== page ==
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FCPA Compliance and the Energy Industry

Tom Fox, Principal at Advanced Compliance Solutions By Tom Fox, Principal at Advanced Compliance Solutions

FCPA Compliance and the Energy Industry

With increasing regulation, the energy industry has been required to become one of the leaders in creating, implementing and maintaining an effective anti-bribery/anti-corruption compliance program. Among the many factors included in FCPA compliance are single source, extractive minerals in countries where there has traditionally been strongman rule or countries with limited long-term democratic institutions. This paper explores some of the reasons and responses by the energy industry.

I. Panalpina and its fallout

Houston is the epicenter of Foreign Corrupt Practices Act (FCPA) enforcement and has been for quite some time. There are more companies who have gone through FCPA enforcement efforts in Houston than in any other city across the globe. If you look at the Top Ten FCPA settlements of all time, you will see five companies in the energy space. While these companies may be headquartered outside of Houston or even Texas, they have significant operations in the United States, significant operations here in Houston and they operate in the energy space which is scrutinized by the DOJ.

The most significant action around energy companies came through the freight forwarder Panalpina and related enforcement actions. In November, 2010,on Panalpina settlement day,  the Department of Justice (DOJ) announced \$230MM in FCPA fines and penalties). Many companies had to pay substantial dollars because of information that the DOJ was able to obtain through the Panalpina investigation.

 The significance cannot be underestimated because Panalpina had multiple bribery schemes and a complete breakdown in internal controls around anti-corruption compliance, specifically the FCPA. The UK Bribery Act was not in effect at the time and here we had one company engaging in bribery and corruption across a wide number of places for a large number of customers. But equally important to the Panalpina case, and related actions, was that the DOJ figured out the road map to use in prosecutions going forward. In the energy industry, it was to use a vendor who worked for multiple energy companies. The DOJ would simply obtainthat vendor’s  customer list and then investigate the companies. They also investigated third parties on the sales side. If an agent or distributor engaged in bribery and corruption for one energy company it may well have done so for several.

II. Accessing Your Cash

If you want to access the cash from your own company, you will most probably be required to have a best practices compliance program in place. If you seek funding through a traditional bank loan you may well be required to demonstrate proof of your ongoing and effective compliance program. Moreover, the requirement to maintain an effective compliance program throughout the term of the loan is now being written into the loan covenants. This could require an annual assessment by an independent third party of your compliance program.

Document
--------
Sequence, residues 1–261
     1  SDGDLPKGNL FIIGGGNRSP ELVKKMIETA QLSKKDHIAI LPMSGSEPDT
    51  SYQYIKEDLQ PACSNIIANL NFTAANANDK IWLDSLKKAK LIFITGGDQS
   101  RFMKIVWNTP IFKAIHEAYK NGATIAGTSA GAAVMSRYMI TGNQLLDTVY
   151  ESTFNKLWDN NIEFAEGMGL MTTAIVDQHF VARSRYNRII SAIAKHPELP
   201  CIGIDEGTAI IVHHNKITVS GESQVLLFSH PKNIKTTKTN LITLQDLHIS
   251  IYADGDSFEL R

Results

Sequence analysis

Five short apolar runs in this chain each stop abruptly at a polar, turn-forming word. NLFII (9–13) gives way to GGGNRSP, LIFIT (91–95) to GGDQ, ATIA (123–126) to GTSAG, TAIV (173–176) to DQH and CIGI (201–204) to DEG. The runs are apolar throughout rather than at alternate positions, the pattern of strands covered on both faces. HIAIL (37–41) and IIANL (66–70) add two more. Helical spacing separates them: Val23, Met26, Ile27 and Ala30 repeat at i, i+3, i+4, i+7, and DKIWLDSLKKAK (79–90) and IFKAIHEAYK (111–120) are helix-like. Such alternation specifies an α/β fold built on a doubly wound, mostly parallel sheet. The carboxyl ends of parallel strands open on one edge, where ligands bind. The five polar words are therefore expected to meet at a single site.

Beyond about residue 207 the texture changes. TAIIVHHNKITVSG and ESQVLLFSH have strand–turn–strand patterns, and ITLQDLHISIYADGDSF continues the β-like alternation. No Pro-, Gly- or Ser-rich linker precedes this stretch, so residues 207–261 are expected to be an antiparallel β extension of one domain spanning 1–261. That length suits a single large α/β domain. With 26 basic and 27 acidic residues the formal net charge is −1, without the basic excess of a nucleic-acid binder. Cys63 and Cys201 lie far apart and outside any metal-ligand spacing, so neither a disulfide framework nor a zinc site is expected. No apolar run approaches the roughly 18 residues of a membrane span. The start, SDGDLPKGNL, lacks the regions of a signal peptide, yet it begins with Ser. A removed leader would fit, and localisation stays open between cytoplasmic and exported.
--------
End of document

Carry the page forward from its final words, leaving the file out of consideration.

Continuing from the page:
Clearly if you want to take your business public through an Initial Public Offering (IPO) you will have to put a compliance program in place, in addition to all the Sarbanes Oxley (SOX) reporting requirements that you will sustain going forward. One thing not to be overlooked is that an officer of your organization will be required to personally attest that there has not been any FCPA violation(s) in the past. This certification is signed under the penalties of perjury, which means that any officer so signing will need to satisfy him or herself as to the accuracy of the signed certification.

Finally if the funding mechanism is private equity, it needs to have a best practices program in placeand to  maintainone during the time of private equity involvement with your entity. A private equity company has another set of issues around compliance.

Most folks learn in elementary school the concept of the ‘lowest common denominator’. A non-mathematical definition might be the most basic or lowest of something among a group. Conversely, there exists the concept of ‘highest common denominator’ that might have the opposite definition, or the uppermost or maximum of something among a group. The concept of highest common denominator may now by applicable to private equity companies and the FCPA.

What are some ways liability can attach itself to a private equity company for the actions of a Portfolio Company? The Nature’s Sunshine case and the theory of ‘control person liability’ could certainly be one way. Under this theory, if a person has the “power to direct or cause the direction of the management and policies to a person whether through the ownership of voting securities, by contract or otherwise’, under that theory, it would not take much of a leap  to get to a private equity owner of a Portfolio Company. However, there may be a more direct route where FCPA liability can attach to a private equity company, through one or more of the following: actual knowledge, willful blindness, conscious disregard or deliberate ignorance. It is through these mechanisms that the ‘highest common denominator’ comes into play. Typically private equity entities have a variety of portfolio companies. There may be several portfolio companies across several industries. The private equity owners may reach down to exercise a large amount of control over each portfolio company which could result in   actual knowledge of each portfolio company’s compliance program.

Nevertheless, a private equity company may allow its individual portfolio companies to develop their own compliance programs. However through the ‘highest common denominator’, this could lead, to a charge of willful blindness, conscious disregard or deliberate ignorance as to the private equity owner. If a private equity entity had 10 portfolio companies and one had a best practices compliance program and the others had something less than best practices, I believe that the private equity entity would be held to the standard of the highest or best compliance program of any entity in its portfolio. This would mean the private equity entity has actual knowledge of a best practices compliance program and the private equity owner would be consciously disregarding or deliberately ignoring such best practices for the remainder of its portfolio.